Benjamin Britten’s personal life has been well documented – his relationship with Peter Pears in a period when homosexuality was still illegal, his pacifism and years in America and his friendships and fallings-out. But two documentaries by John Bridcut will rate as indispensable for the full picture of the man – both for the interviews and with the people who knew him best and for their impeccably performed musical excerpts.
Britten’s Children is, in the filmmaker’s words, “an edgy subject, full of danger”, these days perhaps even more than ever before. Bridcut’s fascination with the composer started when he took part as a chorister in Britten historic recording of Elgar’s Dream of Gerontius. His interviews with the various boys with whom Britten became “besotted” – including the late English actor David Hemmings for whom the role of Miles in The Turn Of The Screw was created – show these relationships to be innocent, if unusual, and without a physical sexual element. In a moving highlight Bridcut tracks down Wulff Scherchen, the German teenager whom Britten dumped for Peter Pears. Scherchen, now a grandfather living in Australia who was willing to be seduced, has kept all of Britten’s love letters is filmed revisiting the Red House for the first time in 60 years.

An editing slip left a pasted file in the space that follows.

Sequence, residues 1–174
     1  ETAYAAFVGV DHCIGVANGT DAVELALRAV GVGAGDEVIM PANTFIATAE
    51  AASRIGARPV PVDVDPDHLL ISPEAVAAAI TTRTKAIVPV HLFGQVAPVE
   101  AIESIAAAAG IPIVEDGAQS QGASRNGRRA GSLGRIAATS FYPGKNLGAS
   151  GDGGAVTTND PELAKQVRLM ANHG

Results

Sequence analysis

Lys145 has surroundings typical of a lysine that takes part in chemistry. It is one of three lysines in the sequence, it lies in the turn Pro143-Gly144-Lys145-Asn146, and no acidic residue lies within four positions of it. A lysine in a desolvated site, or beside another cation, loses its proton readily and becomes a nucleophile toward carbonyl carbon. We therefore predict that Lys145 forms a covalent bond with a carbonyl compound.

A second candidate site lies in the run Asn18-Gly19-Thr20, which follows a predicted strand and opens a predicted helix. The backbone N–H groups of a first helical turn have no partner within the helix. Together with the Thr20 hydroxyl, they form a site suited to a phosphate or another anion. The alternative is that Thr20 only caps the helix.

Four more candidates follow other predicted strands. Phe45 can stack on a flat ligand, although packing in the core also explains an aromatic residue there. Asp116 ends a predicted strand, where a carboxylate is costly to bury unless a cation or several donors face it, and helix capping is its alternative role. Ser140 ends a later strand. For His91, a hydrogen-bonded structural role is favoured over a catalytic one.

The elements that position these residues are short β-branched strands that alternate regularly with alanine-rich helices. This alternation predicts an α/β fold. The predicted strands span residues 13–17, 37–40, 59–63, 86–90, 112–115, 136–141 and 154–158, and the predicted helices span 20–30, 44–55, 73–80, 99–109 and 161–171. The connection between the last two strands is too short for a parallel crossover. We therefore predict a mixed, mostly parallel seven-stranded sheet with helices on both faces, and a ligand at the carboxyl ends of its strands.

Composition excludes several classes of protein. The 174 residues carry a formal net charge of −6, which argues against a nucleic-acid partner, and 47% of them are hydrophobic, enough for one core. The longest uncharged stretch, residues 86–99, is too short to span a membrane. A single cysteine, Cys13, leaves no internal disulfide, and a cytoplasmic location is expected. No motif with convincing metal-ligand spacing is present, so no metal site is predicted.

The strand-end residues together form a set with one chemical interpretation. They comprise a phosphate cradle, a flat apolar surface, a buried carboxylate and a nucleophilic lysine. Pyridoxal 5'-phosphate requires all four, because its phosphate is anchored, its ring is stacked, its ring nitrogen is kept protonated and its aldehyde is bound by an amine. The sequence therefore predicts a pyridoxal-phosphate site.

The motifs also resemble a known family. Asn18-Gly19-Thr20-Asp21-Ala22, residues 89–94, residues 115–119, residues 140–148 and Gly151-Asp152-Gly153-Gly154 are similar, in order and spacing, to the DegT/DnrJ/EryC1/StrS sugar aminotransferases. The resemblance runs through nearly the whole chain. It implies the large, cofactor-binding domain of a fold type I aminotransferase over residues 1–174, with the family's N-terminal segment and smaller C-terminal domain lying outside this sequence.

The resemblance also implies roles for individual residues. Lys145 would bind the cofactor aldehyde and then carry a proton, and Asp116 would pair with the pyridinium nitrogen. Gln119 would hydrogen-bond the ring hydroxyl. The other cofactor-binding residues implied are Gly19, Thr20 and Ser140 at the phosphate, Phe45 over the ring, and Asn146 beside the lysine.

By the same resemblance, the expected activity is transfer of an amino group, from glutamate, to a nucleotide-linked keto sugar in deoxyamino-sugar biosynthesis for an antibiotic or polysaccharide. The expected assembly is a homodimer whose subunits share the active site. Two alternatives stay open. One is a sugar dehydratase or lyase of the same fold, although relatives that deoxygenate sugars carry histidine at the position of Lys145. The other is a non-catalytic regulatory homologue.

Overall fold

Britten’s Endgame, shown on SBS last year, deals with the composer’s final years and his race against time when his heart disease was diagnosed. Interviews include his heart surgeon and the wonderful Scottish nurse Rita Thomson who accompanied him to Venice and took care of him in his final months. We gain insights into his music from his godson Michael Berkley, composer Lennox’s son, and follow through the final dramas of his life including the fire at the Maltings and the battle to rebuild it. Musical highlights include archival footage of Britten and Pears and extended excerpts from his last opera, Death In Venice, and his sublime final string quartet.